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THE African Regional Intellectual Property Organisation (Aripo) says building long-term strategic partnerships between businesses is critical in maximising the creation and transfer of knowledge.

The organisation’s patent examiner, Mr John Omiti, told a virtual conference of Young CEOs Business Forum on Friday that companies need to collaborate and work together for enhanced capacity development.

“Focus should be on building long-term strategic partnerships that help each other to be successful.

“This in turn builds trust and mutual respect, maximise the creation and transfer of knowledge because as Aripo we believe this may lead to win-win collaborations that might see your companies growing and exceedingly producing good results,”

said Mr Omiti.

He noted that companies with long-strategic partnerships can easily get benefits such as favoured vendor status, access to critical Government resources, accreditation, learning science and teaching as well as technology balance on science and engineering.

Mr Omiti said companies should adopt the technology transfer from academia to industry for radical and incremental innovation, determination of technical and business feasibility and creation of intellectual assets.

“Transfer of technology for society’s use and benefit results in maximising public good or maximising financial return,”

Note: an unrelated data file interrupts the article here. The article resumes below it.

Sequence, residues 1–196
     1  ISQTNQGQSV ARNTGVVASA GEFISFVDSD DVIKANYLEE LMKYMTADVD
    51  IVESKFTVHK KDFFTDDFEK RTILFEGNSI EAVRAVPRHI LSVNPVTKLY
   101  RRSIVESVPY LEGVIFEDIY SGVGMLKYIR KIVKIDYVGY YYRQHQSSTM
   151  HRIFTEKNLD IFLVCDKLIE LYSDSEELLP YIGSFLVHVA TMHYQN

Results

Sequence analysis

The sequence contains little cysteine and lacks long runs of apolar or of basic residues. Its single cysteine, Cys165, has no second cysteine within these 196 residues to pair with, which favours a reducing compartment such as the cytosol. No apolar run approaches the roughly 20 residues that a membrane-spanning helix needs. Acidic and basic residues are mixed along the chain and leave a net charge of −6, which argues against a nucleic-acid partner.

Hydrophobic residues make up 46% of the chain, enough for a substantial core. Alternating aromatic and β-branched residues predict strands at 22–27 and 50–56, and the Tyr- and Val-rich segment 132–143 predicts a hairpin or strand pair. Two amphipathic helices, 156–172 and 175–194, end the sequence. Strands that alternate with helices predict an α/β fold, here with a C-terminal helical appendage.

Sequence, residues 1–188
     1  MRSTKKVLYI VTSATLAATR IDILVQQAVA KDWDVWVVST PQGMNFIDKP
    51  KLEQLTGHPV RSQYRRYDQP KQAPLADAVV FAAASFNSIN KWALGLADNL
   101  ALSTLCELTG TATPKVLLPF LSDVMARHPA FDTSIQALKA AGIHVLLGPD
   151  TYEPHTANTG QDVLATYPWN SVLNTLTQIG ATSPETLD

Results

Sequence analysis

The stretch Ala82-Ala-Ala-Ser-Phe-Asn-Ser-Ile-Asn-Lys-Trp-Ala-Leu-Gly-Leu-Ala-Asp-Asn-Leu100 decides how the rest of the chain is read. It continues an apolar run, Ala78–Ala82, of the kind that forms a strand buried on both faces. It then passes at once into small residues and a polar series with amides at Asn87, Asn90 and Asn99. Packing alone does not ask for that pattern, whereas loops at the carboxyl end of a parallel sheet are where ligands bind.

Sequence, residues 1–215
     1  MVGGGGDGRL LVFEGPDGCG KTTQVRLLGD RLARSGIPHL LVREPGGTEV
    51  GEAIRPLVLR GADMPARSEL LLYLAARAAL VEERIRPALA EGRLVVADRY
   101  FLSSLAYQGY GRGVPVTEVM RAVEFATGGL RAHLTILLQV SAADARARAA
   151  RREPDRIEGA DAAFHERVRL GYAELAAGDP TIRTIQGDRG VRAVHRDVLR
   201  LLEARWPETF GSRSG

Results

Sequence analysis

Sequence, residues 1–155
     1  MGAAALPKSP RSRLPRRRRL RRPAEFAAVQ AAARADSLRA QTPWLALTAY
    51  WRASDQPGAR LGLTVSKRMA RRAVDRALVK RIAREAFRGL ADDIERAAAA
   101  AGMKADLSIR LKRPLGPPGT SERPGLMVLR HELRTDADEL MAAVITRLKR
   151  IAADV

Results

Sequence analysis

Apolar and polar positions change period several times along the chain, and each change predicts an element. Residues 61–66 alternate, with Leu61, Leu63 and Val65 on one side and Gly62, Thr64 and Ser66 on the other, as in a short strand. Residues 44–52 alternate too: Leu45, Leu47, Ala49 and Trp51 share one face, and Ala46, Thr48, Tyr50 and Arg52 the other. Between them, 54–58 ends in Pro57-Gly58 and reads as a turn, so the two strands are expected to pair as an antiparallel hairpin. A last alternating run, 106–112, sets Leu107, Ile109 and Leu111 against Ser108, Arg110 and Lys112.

he said.

“Also, it assists to generate income, net return on investment, regional economic development and job creation.”

If the model is successfully implemented, it can develop relationships with industry and facilitate formation of new start-ups or spin-out firms, said Mr Omiti.

“One thing I can note is that effective technology transfer is the toughest single challenge faced after the contract is signed as there are steps that need to be taken.”

He outlined some of the key steps such as conducting a customer value chain analysis, capturing the voice of the customer, establishing engineering metrics and using the “LEGOTM model” concept for packaging technology to fit new design and analysis system.

BMatanga IP Attorneys head of practice and lead counsel, Ms Brenda Matanga, concurred saying companies should identify patents, trademarks, industrial designs, utility models, copyright, trade secrets and domain names, which they should protect and manage.

“Evaluate your core assets and decide, which type of IP you need. And the assumption that IP is complex and expensive is not so true considering the current prices, which can go as low as ZWL$2 700 for domestic registration,”

she said.

Ms Matanga also noted that corporate espionage such as bribing an employee of a competing company to disclose the competitor’s secret client list and unauthorised use of trademarks or confusingly similar trademarks were some of the challenges.

She advised export-oriented firms to consider making sure that their IP is protected in all potential export markets and complies with the IP laws in the relevant markets.

“IP violation can cost a business tremendously, eat into your profits and even destroy a business. Be warned, the capitalist jungle is brutal, it has no respect for anyone with just an idea but no capital to turn that idea into a product/ service or the means to protect,”

added Ms Matanga.

The Young CEOs Business Forum ran under the theme,

“Rethinking Entrepreneurship in a fast-changing world: New Approaches, Fresh Opportunities,”

and was hosted by the CEO Africa Roundtable, a high-level platform for corporate chief executive officers and senior executives in both private and public sector.

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